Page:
The Long Goodbye: A Family Caregiver's Story
by Sherrie Norris
As a retired nurse, Eilers knows much about caring for the sick and dying, but she admits, the "job" feels different when you are caring for your own loved ones.
Eilers mother died in 2010, but not before Eilers knew her experience must serve to help others who were plunged into the caregiving role. She eventually became a member of the board of directors for the HCCF, but has recently stepped aside from active service because history is repeating itself, this time through her husband's rapidly declining health.
Losing more than independence
"We have your mother in the emergency room. How fast can you get here?" Eilers will never forget that phone call. "It was a four- hour drive from my home in Raleigh to the Newport News, Va., hospital," she said, "and I made it in record time." "I knew what I would find when I got there. The signs had started a couple years before Mom's 85th birthday."
Upon her arrival at the hospital ER, Eilers found her wide-eyed mother with childlike fear on her face. "I could feel her physical relief that I had arrived. Pounding in my head and gripping my heart was the ugly thought that this was the beginning of the end for my mom -- and I hugged her tighter," she said.
"After a monthlong bout of flu, mom was hospitalized for extreme dehydration and weight loss," Eilers said. " After many hospitalizations, I came to realize that this was mom's way of letting me know she needed me to take care of her; a request she could never make or words she could never utter."
Eilers knew it would be hard, but she thought she could do it and do it well. After all, she was a nurse, and a psychiatric nurse, at that. "How wrong I was," she said.
Describing her mother as a strong and very proud woman, Eilers said, "Mom had been telling her friends for a decade, as they, one by one, broke up housekeeping to go live with their children, that there was no way she'd go live with her daughter, and she meant it."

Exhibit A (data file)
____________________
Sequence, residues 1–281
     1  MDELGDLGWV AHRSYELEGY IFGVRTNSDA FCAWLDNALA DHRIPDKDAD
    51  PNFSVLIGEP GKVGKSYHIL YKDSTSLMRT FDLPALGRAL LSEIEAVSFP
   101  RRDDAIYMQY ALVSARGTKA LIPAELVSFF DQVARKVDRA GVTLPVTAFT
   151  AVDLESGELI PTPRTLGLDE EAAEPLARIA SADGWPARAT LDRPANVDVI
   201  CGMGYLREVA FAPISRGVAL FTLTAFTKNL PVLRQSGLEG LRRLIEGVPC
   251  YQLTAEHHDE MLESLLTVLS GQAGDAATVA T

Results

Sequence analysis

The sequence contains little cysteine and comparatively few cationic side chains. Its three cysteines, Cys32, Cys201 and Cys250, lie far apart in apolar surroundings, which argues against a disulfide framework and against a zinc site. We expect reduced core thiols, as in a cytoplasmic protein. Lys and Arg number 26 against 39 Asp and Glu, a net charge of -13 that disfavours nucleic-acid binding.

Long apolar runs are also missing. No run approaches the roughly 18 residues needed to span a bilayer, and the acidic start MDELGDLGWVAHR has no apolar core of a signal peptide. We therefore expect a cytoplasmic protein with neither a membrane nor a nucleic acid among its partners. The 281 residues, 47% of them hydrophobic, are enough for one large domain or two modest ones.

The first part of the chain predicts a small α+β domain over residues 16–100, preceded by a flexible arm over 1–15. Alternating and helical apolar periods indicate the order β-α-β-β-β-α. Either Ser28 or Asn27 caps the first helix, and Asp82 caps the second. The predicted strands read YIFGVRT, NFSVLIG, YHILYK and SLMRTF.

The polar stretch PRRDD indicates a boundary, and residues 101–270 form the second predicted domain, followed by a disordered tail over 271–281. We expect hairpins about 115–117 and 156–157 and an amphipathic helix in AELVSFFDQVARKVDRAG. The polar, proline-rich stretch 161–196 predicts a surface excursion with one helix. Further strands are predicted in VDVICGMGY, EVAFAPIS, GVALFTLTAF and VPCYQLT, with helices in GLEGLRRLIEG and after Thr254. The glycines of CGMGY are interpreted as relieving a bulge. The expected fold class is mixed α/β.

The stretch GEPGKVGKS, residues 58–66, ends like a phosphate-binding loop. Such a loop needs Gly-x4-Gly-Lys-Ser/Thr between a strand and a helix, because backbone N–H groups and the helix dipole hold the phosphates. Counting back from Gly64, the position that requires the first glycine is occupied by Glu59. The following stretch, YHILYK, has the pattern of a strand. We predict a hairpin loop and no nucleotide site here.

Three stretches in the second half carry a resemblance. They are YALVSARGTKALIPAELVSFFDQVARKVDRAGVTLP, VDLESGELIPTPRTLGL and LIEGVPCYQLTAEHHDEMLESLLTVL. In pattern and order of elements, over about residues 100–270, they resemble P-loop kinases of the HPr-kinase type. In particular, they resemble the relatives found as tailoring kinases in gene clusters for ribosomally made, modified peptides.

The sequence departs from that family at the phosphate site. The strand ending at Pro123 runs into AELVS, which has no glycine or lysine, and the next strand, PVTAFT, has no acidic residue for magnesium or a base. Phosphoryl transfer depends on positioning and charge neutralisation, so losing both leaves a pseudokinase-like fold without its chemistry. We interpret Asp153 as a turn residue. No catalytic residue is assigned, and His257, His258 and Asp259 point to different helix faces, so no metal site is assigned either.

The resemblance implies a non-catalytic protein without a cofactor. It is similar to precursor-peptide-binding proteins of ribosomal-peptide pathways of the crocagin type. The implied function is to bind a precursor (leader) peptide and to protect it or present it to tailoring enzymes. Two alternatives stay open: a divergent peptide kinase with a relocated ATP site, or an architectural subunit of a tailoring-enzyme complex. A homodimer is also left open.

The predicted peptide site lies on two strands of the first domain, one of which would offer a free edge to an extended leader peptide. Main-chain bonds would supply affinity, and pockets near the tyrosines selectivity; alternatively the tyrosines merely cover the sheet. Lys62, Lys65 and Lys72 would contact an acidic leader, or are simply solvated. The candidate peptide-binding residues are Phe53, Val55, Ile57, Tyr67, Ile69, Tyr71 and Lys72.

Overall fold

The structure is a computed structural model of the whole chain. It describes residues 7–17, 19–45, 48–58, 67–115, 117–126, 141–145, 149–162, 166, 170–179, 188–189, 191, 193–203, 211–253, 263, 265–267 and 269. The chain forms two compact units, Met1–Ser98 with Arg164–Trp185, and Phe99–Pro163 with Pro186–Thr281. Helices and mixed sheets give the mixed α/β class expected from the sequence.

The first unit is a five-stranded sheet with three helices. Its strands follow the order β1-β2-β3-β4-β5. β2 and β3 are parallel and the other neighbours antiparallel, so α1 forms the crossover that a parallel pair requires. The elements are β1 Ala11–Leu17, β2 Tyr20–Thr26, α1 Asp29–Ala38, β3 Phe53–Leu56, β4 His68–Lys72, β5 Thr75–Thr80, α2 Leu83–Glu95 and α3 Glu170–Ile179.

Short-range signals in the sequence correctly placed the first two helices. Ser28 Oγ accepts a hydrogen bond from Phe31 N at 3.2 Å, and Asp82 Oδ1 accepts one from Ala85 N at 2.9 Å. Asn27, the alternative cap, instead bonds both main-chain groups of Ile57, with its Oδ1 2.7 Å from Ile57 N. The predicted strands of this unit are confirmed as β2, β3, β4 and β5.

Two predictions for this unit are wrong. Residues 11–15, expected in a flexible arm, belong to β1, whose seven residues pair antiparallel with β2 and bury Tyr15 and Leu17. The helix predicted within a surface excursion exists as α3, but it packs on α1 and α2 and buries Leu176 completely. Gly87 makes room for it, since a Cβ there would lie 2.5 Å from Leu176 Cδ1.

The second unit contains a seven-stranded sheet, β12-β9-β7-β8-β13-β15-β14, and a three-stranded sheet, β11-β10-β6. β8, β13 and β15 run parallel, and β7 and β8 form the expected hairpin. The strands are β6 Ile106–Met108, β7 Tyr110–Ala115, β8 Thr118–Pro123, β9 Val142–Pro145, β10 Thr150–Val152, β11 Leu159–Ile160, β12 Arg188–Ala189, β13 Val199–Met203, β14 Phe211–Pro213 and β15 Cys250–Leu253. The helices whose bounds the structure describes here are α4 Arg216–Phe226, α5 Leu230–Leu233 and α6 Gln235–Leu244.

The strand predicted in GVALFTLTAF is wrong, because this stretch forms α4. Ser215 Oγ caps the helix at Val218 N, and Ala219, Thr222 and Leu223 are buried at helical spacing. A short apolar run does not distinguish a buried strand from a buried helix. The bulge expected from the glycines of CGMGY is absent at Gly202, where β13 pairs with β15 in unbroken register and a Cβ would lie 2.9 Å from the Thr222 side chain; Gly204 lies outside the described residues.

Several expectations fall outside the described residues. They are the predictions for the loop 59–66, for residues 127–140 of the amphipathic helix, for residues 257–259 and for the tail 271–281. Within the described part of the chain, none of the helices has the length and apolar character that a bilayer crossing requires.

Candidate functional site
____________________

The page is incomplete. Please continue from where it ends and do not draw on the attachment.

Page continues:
Living alone, and "losing her mind," Eilers said, "mom's fear and panic overwhelmed her and finally manifested themselves physically, which was largely self-induced."
We've all heard the term "cry for help," Eilers said. " Well, that's exactly what her medical crisis was all about. She needed me to take care of her, but pride would not let her say the words; fear of losing her secure life in her own home turned her life into a nightmare."
Role reversal becomes real
Eilers stayed with her mother for five months before putting her into the car and bringing her to Linville "My mother didn't come to live with me," she said. "She came to die with me."
It was clear, too, that their roles were quickly reversing.
The Alzheimer diagnosis added fuel to a growing inferno. As Eiler's tried to meet her mother's needs, denial reared its ugly head.
"I'm really uncomfortable when people praise me for caring for my mother because I know it was not all pretty," she said. "In earlier caring for my grandmother and father, there were none of the personality issues that existed between my mother and me. I bear the shame of my worst tempered moments."
Having been intimidated by her mother since childhood "and walking on egg shells to avoid upsetting her and sending her into one of her tirades," Eilers said, "I knew I had to stop mom's verbally abusive behavior when she cursed me in my own home, or she would run over me and I would lose control of a situation that put me in charge."
During those times, Eilers tried hard to keep in mind that her mother had been tricked out of her home of 50 years, taken away from her life-long friends, and into a house where she was a guest and had limited personal belongings.
"She, as so many displaced parents experience, are depersonalized when they move in with their children," Eilers said. "I tried to imagine what I would feel like in her place. But I couldn't dwell on it much. It was just too painful."
The outbursts continued and paranoia, as well as denial, set in. One difficult situation followed another.
"Alzheimer's can turn the sweetest little granny into a foul mouth, angry, paranoid person you don't recognize," Eilers said. "For my mom, who we predicted would be difficult in her old age, Alzheimer's was Mom on steroids!"